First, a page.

1. Start immediately when you get home with your puppy to introduce the right place for him to do his buisiness. Use the same location each time you take your puppy outside. You can clean this area in the yard, but leave some scent nesscary for him to smell.
2. Crate-train your Basset puppy and take advantage of the natural habit that most dogs have in wanting to keep their den area clean.
3. Buy a crate that is large enough for the puppy to turn around but not too large or he may make a bathroom in the corner. You can always partition off part of the crate as he grows so avoid buying multiple sizes. He should be able to comfortably sleep in there as well.
4. Always praise your Basset with lots of pats and hugs eachtime he does what you want him to at his relief spot.
5. Time your puppy's meals with a trip outside. Young dogs have limited colon and bladder volume and taking food or water in generally means that some wastes will soon need to go out.
6. Take your puppy out after any nap as well, this is a good potty break time
7. Take your puppy outside as late as possible at night and as early as possible in the morning. Don't be unintentinally cruel and leave puppy with a full bladder in its crate longer than you abolutely have to.
8. No matter how much you may want to house-train your Basset puppy, bladder control comes only with age. A young Basset under one year old may not be able to keep from the occaisional messes now and then. Make sure if this happens you clean up with a odor covering agent so there are no incidents in the same spot.
9. When your puppy is out of his crate, watch carefully. If he starts to look incomfortable, comes to you in a plaintive manner, stays near the door, or starts circling or squatting, get him outside. Quickly and gently and even if he has already begun to urinate or deficate, take the puppy out to the relief spot and wait until he goes there, reward him with praise and come back in.
10. Never punish a puppy for making a mess. You can attempt to stop the act by firmly saying “No” or by clapping your hands in a way to break its concentration as you go out to the relief spot. Rubbing a puppy's nose in its waste is stupid, pointless, and counterproductive. Your puppy won't even know why you are doing this. Never strike a puppy with anything as punishment.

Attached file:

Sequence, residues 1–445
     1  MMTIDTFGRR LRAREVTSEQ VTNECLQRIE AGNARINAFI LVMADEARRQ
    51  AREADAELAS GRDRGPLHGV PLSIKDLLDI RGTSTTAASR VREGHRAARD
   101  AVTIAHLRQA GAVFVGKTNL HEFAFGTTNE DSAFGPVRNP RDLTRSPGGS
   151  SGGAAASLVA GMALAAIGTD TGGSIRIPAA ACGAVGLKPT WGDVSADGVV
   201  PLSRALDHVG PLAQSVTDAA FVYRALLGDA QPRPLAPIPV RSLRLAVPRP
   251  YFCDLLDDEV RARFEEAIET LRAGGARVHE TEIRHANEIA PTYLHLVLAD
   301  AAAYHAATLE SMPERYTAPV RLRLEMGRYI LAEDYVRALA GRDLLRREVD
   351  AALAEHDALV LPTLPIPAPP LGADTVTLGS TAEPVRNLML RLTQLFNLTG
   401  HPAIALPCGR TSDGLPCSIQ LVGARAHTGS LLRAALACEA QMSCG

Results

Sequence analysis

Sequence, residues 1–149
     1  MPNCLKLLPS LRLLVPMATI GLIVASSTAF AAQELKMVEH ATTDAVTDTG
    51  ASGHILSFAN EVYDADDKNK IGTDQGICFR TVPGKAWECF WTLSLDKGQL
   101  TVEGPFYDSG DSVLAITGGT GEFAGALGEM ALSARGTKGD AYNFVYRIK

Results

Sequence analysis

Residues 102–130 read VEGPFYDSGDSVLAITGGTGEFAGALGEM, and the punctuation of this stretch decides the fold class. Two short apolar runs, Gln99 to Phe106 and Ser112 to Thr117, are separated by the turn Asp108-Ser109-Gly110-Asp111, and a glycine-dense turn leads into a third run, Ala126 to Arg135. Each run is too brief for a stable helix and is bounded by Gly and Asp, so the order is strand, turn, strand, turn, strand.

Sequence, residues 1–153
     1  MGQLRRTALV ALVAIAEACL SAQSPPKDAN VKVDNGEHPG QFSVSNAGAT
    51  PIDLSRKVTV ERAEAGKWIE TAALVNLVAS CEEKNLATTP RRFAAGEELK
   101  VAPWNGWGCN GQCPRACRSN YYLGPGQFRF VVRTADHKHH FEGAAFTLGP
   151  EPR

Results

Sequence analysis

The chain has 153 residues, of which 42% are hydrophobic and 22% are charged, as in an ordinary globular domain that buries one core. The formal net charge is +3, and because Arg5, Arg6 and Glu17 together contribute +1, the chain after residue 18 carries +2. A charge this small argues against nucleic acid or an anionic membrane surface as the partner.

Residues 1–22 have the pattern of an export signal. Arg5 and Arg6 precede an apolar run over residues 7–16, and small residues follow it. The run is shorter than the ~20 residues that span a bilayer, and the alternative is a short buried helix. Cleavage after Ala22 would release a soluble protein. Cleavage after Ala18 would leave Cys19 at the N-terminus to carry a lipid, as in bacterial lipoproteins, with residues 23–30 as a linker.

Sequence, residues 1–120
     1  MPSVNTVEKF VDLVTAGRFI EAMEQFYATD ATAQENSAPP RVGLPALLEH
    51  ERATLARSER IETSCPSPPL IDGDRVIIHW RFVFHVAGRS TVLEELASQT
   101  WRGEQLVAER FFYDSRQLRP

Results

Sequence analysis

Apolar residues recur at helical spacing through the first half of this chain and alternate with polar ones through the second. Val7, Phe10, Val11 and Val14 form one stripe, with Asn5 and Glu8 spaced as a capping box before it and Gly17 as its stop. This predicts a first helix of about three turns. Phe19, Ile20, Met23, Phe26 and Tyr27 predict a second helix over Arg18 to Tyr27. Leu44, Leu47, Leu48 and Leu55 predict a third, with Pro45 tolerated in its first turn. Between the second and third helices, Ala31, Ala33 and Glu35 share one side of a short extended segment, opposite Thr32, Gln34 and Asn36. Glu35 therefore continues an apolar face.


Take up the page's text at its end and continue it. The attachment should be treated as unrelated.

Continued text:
11. Be Consistent with your young basset puppy. Don't chance spots in the yard. Don't wait to clean up a mistake. Don't yell at your puppy.
To crate or not to crate
Crate training is not the ultimate solution for teaching your dog house etiquette, but it is a good way to house train a dog or puppy. Used properly, it gives your dog an opportunity to be safe and secure in his/her own space.
Crate training is helpful as a training tool:
◦ When a dog must be left unattended for less than six hours.
◦ During sleeping hours with a young, un-housebroken dog.
◦ As a feeding station for easily-distractible puppies.
◦ To encourage good sleeping habits and discourage inappropriate elimination.
Crate training has disadvantages:
◦ It doesn't communicate leadership.
◦ It separates you from your dog when you're at home.
◦ It can't teach a dog how to behave in all rooms of the house.
A crate can prevent problems, but it provides no real training. Thus, a crate is a training tool, but by itself, it cannot produce results. If you do decide to use a crate, here are some suggestions for how it can be properly applied.
Size of the crate